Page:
Arnold Williams (notebuyer) wrote,
Arnold Williams

Living with Statistics

There were media reports about the average cost of cell phone minutes, heavily covered this week. Example 1. Example 2.

The hard part? The figure: $3.02/minute. Answer these questions for yourself:

1. What is the rate you pay?
2. Of your friends, who pays more than $1/minute?

Based on your answers to these two questions, you should have an element of doubt about the stories linked to above.

Now think about going to the source of the stories.

Not ready to walk through the 87 page report on your own? Think about taking a guide with you. You've got three stories: the two newspaper articles referred to above, and the "guide" referred to in this paragraph. Use them as a way to read the report.

Oh, and one other thing you'll need: an idea of the problems that arithmetic means have -- the most important of which is the "outlier problem" illustrated this way: if the values are (1, 2, 2, 2, 3, 9), the arithmetic mean is 3.1666, and five of the six values are LOWER than the mean. The mode (the most frequent value) is 2, a better representation of the set. The median is 2, again, a better guess at what the sample looks like than the average.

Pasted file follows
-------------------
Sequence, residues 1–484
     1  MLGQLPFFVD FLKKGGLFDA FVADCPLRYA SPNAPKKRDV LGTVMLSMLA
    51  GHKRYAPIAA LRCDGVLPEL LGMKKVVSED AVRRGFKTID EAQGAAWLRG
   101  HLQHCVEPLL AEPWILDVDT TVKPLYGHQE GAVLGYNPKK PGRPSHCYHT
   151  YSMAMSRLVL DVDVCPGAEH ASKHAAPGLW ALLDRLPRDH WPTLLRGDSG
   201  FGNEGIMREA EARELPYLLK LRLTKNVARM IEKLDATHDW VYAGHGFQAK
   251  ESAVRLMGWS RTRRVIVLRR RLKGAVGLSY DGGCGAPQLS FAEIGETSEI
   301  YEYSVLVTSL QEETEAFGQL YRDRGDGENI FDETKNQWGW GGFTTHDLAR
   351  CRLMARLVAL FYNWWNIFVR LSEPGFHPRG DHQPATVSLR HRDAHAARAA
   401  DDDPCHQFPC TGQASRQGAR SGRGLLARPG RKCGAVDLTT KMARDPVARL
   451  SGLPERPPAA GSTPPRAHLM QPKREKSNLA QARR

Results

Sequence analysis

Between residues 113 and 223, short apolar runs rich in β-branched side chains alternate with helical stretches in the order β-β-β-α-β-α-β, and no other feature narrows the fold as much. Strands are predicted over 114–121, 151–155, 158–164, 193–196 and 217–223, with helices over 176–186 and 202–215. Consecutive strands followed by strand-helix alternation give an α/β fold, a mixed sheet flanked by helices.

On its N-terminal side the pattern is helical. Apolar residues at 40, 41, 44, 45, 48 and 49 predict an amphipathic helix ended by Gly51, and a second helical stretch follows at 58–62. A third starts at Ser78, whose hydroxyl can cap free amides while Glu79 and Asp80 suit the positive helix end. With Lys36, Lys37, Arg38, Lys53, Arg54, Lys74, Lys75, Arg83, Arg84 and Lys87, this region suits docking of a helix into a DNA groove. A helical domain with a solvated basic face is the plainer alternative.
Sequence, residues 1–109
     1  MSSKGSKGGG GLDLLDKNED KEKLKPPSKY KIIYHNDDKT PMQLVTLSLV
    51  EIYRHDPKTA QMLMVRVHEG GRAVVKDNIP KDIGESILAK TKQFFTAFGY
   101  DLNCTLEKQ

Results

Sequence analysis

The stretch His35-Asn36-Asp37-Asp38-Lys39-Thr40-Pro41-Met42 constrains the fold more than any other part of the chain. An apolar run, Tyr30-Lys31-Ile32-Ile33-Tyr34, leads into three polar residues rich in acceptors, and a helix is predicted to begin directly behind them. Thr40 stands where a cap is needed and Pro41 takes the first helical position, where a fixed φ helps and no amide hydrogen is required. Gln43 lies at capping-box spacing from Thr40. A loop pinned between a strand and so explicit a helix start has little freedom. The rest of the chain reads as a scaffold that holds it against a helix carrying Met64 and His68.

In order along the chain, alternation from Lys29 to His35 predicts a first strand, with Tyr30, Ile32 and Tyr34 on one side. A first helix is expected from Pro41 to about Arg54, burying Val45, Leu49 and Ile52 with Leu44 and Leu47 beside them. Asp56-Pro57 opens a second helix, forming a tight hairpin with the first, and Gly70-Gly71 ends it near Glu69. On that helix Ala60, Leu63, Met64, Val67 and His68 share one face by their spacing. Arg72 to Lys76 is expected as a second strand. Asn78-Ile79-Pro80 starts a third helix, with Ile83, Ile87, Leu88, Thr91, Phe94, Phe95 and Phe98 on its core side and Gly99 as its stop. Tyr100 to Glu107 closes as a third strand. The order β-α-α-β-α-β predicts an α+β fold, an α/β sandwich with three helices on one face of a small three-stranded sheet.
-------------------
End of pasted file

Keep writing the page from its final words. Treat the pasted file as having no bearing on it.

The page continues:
The method described in the report is not to take the total dollars and divide by the number of minutes (that's lower, so would not serve the purpose of the creators of this study), but to take the amount of each bill and divide by the minutes used and take the arithmetic mean of the result. Not a robust result, but a splashy one. After all, it got picked up by the papers (and by the reporters who wrote on it, all of whom could have asked themselves the two questions we started with).

Take a moment and do the math using the guide above. You'll feel better about how you understand the story.
Tags: statistics

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